The Covid-19 crisis provides the fashion industry with an opportunity to create more sustainable and agile sourcing, according to a report.
The report by McKinsey said the crisis could accelerate the transformation toward a demand-driven supply-chain model.
“The industry has started to change its out-of-date sourcing model characterised by long lead times, maximising order sizes, and relatively low flexibility,” the report said.
The industry’s short-term priorities in the wake of the outbreak have been securing inventory, managing the ramp-down and ramp-up of supply chains, optimising cash flow along the supply chain and managing financial risk.
However, the report said stakeholders have indicated sourcing volume will shift from China to other Asian countries over the next year, and many expect “at-scale and highly capable” apparel-manufacturing clusters to emerge in nearshore markets, such as Eastern Europe and Central America, the report said.
It added the industry will see a “move away from purely transactional relationships” as fashion brands aim to forge stronger supplier partnerships to foster innovation and secure supply.
Closer relationships would allow for “partnering on issues like end-to-end process improvement, finding new investment models, and making industry-wide progress toward social and environmental sustainability”.
The report said: “To succeed in the next normal, beyond Covid-19, fashion players need to join hands with suppliers and invest in strategic partnerships and innovation.
“Tough questions need to be asked and answered to understand exactly how this next normal operates in practice, but executives should not waste this opportunity to completely reshape sourcing practices for the long term.”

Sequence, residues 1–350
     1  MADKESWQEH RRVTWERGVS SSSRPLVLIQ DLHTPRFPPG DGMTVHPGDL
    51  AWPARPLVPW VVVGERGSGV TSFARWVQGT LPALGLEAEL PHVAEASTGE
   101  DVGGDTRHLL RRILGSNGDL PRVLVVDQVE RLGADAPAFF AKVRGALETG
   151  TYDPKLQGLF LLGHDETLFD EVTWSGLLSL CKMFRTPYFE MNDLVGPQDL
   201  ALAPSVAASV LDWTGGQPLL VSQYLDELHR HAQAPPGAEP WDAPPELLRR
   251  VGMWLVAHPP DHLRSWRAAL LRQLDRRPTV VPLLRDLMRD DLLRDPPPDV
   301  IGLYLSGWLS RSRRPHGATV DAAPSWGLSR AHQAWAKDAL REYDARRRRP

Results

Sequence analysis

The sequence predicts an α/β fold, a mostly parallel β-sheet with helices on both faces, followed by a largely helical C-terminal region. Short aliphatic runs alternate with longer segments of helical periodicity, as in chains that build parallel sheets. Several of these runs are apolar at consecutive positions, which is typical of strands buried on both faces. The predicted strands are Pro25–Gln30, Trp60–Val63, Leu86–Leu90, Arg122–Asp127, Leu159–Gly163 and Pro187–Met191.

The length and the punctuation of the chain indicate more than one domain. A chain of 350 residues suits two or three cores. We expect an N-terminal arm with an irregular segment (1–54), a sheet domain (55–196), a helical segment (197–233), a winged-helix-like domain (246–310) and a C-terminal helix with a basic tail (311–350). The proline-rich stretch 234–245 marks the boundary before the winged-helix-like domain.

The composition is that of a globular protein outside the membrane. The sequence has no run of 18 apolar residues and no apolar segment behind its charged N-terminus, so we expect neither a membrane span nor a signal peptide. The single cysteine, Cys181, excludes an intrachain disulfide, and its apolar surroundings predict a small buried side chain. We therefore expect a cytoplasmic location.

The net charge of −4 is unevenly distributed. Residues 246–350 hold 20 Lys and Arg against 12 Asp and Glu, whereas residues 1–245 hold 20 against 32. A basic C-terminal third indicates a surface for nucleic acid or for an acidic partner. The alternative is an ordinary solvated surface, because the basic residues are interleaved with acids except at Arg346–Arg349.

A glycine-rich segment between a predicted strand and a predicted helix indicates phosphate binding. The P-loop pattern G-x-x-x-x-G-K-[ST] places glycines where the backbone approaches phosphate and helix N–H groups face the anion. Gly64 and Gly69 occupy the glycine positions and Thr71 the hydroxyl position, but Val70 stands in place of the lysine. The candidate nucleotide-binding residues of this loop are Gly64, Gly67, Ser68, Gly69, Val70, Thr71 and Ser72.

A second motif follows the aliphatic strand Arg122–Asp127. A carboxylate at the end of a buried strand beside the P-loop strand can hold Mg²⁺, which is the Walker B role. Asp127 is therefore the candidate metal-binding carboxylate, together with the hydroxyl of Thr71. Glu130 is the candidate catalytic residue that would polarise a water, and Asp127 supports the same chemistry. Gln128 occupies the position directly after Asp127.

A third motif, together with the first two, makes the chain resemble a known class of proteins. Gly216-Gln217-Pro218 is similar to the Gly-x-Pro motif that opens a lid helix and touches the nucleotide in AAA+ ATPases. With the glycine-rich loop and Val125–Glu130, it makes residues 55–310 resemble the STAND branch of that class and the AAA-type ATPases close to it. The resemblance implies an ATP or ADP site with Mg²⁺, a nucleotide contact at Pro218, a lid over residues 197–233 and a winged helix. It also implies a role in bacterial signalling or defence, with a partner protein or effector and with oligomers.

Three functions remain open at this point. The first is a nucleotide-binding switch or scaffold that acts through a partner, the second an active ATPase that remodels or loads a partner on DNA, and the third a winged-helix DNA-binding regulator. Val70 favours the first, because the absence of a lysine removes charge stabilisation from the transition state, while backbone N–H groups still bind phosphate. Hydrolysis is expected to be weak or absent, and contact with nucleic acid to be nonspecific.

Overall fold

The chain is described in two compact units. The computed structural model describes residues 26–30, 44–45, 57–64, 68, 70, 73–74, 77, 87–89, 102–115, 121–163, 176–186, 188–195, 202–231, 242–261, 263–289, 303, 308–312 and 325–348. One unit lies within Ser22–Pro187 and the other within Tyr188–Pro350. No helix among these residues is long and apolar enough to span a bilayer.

The report comes as thousands of workers returned to garment factories in Bangladesh despite concerns over coronavirus spread.
More than 500 garment factories in Bangladesh reopened at the end of April following a month-long shutdown. The government said factory operations would be allowed to resume if physical distancing is able to be maintained and workers adhere to the country’s ban on public transport.
According to a report by The Guardian, workers have been forced to return to work in cramped conditions, with no physical distancing or masks to wear.
Workers at garment factories in industrial areas on the outskirts of Dhaka allegedly told the newspaper handwashing at the entrance was the only new measure imposed, and no physical distancing measures were being enforced.
In April consultants said coronavirus had “unravelled” garment supply chains and buyers had to rebuild relationships with suppliers.
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